Opening Day at Fenway Park in 2005 is when I became a fan of the New York Yankees. Now, before anyone threatens to strip me of the privileges of being a card-carrying member of Red Sox Nation, my loyalty to the home team has not changed. My favorite T-shirt still reads: I’m a fan of two teams, the Red Sox and whoever is playing the Yankees. I still have tickets in hand to see them play at Fenway Park a half-dozen times this season. David Ortiz is still my papi. Above all, I will always root for the Red Sox regardless of whether I have to wait another 86 more years to see them bring home a World Series title (and if I’m still alive at the age of 116, it will be worth it).
No, I became a fan of the Yankees that day because the organization proved that they are a class act. As Boston players, coaches, trainers, and even the team masseuse came out of the dugout one by one to collect their World Series rings and then raise a championship pennant for the first time since the start of the 1919 season, New York players, coaches, and even general manager Brian Cashman, Theo Epstein’s counterpart and George Steinbrenner’s whipping boy, either sat on the bench or stood on the top step in the opposing team’s dugout and respectfully watched the entire ceremony.
New York manager Joe Torre, for whom I’ve always held the highest regard, respectfully applauded his counterpart, Terry Francona, when the Boston skipper’s turn came to accept his ring, and Francona would later note that the simple gesture gave him a lump in his throat. Then, the loudest applause from the Yankees, and undoubtedly from the crowd on hand, came when 85-year-old Johnny Pesky, a fixture in the Boston organization for over sixty years, came out to be given his long-awaited piece of history. Torre was quick to tip his cap, having been a friend of “Mr. Red Sox” since he was a player with the St. Louis Cardinals and Pesky was managing the Pittsburgh Pirates.
Then later, as customary pre-game introductions were made for the home opener, the 33,702 Fenway fanatics in attendance, who had booed nearly every member of New York as usual, greeted closer Mariano Rivera with some of the loudest cheers ever given to an opposing player in a Yankees uniform. Of course, these cheers were in part because the usually-dependable Rivera, who has 336 career saves to his credit, had blown his last four save opportunities with the Red Sox, including two in the post-season series last fall that allowed Boston to climb all the way back from a 3-0 series deficit to win the American League pennant before moving on to the World Series. Rivera could have taken a page from recently-departed Sox pitcher Byung-Hyun Kim and given the crowd a one-fingered salute, but he instead broke into a huge grin, chuckled, and graciously acknowledged the crowd’s appreciation for his “services” with a tip of his cap.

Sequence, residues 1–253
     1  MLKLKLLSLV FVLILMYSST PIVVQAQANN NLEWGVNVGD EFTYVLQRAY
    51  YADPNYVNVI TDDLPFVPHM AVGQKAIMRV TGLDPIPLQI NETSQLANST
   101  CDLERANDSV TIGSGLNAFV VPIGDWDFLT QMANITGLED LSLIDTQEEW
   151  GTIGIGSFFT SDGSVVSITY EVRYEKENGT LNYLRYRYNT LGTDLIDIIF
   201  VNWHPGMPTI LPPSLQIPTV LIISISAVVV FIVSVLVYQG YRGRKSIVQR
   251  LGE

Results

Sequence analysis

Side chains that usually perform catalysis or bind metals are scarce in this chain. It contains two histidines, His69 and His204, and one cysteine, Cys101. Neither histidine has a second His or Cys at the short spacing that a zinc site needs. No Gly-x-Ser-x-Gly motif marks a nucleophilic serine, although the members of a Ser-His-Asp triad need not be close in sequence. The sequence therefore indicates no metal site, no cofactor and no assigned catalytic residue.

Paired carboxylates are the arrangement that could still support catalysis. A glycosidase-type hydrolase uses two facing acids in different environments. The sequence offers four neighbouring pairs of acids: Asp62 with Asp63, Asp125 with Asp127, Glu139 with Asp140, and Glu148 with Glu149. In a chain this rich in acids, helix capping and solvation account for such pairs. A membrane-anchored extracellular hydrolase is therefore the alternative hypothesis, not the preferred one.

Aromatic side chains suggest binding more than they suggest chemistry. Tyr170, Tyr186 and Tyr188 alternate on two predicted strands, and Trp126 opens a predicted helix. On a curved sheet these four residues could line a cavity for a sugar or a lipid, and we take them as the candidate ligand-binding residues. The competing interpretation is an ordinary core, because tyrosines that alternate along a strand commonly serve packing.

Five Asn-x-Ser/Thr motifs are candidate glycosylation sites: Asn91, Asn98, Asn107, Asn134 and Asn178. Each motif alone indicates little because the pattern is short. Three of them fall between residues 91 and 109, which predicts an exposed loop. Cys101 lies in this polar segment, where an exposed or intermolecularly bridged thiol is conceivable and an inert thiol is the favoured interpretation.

It would have been simple enough for the Yankees to remain in the visitor’s clubhouse and pass the time as they waited until it was necessary to show up for the pre-game introductions. With 26 world championships to their credit, it would be easy to argue that Boston has a long way to go to match the success that New York has had for nearly a century of play. Still then to watch your biggest rival celebrate a championship that might have been theirs had Dave Roberts not stolen second base in the ninth inning of Game Four in the ALCS might not sit well with most teams. Just last season, baseball was replaced by base-brawl between these two clubs when Boston’s Jason Varitek and New York’s Alex Rodriguez, who came within a few million dollars of becoming a Red Sox player himself, exchanged words and then punches, turning an afternoon at the ballpark into a wild spectacle.
No one from the Red Sox organization instructed the Yankees to show up and no one would have expected them to make an appearance; from a Boston fan’s perspective, it would probably have been dismissed or, to the misguided delight of some, seen as a sign of petty jealousy. Instead, New York put aside any trivial differences from the past, checked their collective ego at the door, and demonstrated something is hard to find these days: sportsmanship. Winning championships is old hand for New York but, to be a true champion, it was only proper for them to recognize when someone else achieved that success.
My favorite T-shirt will be ready for all of those visits to Fenway and, when the Yankees are in town, I’ll still loudly boo each player’s name as it is read by the announcer because it’s part of the ritual that’s been handed down from generation to generation. I’ve been a fan of the Boston Red Sox through thick and thin and this loyalty will never die; most of all, I’d like to see them win a few more championships at the expense of those boys from the Bronx. However, with everything that we’ve experienced as we’ve soaked in that long-awaited title over the past six months, we should remember what the New York ball club did for us on Opening Day. That straightforward, thoughtful act by their bitter rivals did not go unnoticed by those wearing a Boston uniform and, with a bit of luck, it was not lost on the fans as well.